A wide range of individuals -- clergy members, social workers, individual church members -- describe what they do as pastoral counseling. And in most parts of the United States, anyone can claim to be a "pastoral counselor" or even a "licensed pastoral counselor," because the use of these terms is not legally protected.
Individuals considering engaging with a pastoral counselor should carefully investigate the person's training and professional affiliations. Membership in a professional organization, such as those described below, may provide a level of oversight, but this is not universally the case.
Certified Pastoral Counselors Pastoral counselors certified by the American Association of Pastoral Counselors (www.aapc.org), the gold-standard membership group, have postgraduate degrees from accredited universities; experience and training in the ministry; a current relationship with a local religious community; plus significant training and supervised counseling experience.
The best-trained and best-prepared certified pastoral counselors are certified by AAPC; are members of AAPC; and have state licenses as social workers, marriage or family counselors or psychologists. Licensure usually requires a national board exam plus a state exam. (Most states do not license pastoral counselors separately.) AAPC membership alone does not require certification or licensure, though all members agree to abide by a code of ethics.
AAPC provides oversight of individual pastoral counselors who are members, accredits pastoral counseling centers and approves training programs. AAPC-certified pastoral counselors come from a variety of religious backgrounds and will not aim for religious conversion of clients.
Christian Counselors These counselors adhere to a biblically based approach to counseling combined, in some cases, with psychological techniques. But there is no common set of credentials, degrees or certifications required, and no single organization has emerged as the primary source for regulation or oversight.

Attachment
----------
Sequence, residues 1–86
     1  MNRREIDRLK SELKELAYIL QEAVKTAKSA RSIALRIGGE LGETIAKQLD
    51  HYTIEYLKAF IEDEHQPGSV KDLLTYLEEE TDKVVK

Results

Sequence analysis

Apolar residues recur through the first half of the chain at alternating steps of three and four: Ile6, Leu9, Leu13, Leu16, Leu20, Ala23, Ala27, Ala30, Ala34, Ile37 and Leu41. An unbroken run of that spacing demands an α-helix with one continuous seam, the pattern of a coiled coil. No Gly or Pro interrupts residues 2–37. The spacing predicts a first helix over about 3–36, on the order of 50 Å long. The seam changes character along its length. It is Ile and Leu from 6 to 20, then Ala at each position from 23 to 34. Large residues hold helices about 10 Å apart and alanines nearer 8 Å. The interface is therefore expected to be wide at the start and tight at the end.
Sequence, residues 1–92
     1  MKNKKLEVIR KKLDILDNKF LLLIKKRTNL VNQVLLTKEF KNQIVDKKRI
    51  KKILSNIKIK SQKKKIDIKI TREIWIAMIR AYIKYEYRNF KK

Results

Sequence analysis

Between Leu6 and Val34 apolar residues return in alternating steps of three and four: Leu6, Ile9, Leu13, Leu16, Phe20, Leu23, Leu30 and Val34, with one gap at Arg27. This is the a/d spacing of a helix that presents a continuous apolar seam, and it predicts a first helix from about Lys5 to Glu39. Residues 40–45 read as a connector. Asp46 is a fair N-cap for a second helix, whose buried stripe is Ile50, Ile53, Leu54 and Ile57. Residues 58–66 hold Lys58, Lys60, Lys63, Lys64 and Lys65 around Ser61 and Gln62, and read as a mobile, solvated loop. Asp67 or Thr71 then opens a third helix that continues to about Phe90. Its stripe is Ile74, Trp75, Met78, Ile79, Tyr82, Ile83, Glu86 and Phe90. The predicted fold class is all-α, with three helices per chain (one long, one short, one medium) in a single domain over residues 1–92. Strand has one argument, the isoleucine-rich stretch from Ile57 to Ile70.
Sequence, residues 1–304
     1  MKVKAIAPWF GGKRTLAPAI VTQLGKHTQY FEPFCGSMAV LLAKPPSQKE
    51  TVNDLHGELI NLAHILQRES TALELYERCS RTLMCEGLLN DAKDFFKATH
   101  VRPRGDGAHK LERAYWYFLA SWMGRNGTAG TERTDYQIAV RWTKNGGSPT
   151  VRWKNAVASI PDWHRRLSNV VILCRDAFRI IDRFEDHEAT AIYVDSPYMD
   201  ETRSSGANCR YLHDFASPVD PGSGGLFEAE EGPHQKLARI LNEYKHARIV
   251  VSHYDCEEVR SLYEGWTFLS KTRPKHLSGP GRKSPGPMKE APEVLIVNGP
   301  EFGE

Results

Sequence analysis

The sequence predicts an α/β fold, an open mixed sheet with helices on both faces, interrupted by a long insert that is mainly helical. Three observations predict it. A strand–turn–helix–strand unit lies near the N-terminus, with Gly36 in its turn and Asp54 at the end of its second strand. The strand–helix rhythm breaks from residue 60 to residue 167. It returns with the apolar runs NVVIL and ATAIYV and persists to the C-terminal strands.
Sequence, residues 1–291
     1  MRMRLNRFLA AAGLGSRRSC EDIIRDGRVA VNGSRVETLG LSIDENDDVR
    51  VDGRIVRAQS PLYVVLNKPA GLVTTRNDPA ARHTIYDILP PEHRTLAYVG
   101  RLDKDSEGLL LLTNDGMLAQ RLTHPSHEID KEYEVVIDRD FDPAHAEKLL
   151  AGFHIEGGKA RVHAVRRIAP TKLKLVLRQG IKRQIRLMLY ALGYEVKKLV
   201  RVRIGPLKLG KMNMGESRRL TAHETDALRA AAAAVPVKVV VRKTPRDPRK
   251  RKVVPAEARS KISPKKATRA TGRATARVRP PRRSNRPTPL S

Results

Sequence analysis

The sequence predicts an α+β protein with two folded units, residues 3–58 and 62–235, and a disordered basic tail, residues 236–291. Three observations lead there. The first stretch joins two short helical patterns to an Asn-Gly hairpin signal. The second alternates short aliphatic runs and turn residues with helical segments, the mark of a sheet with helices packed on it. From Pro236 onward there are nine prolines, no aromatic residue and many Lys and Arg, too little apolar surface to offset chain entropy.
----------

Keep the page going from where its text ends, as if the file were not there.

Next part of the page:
Membership organizations such as the National Christian Counselors Association (www.ncca.org) and the American Association of Christian Counselors (www.aacc.net) include licensed professionals from other fields, clergy or church members with little or no formal training.
States do not license individuals to work as Christian counselors. Organizations may offer their own certification, sometimes upon receipt of a membership fee alone. Some Christian counselors believe the religious conversion of a client may be required for a successful counseling relationship.
Biblical Counselors Biblical counselors reject the psychotherapeutic model altogether, using only precepts, concepts and advice found in the Bible. There is no common set of credentials required to become a biblical counselor, other than a commitment to Christianity.
Biblical counselors are not licensed by the state; affiliations with a particular church or organization are more important. Membership organizations include the Southern Baptist Association of Biblical Counselors (www.sbabc.org), the National Association of Nouthetic Counselors (www.nanc.org), and the Association of Biblical Counselors (www.christiancounseling.com). Practitioners typically require that clients share their religious beliefs.
-- Alison Buckholtz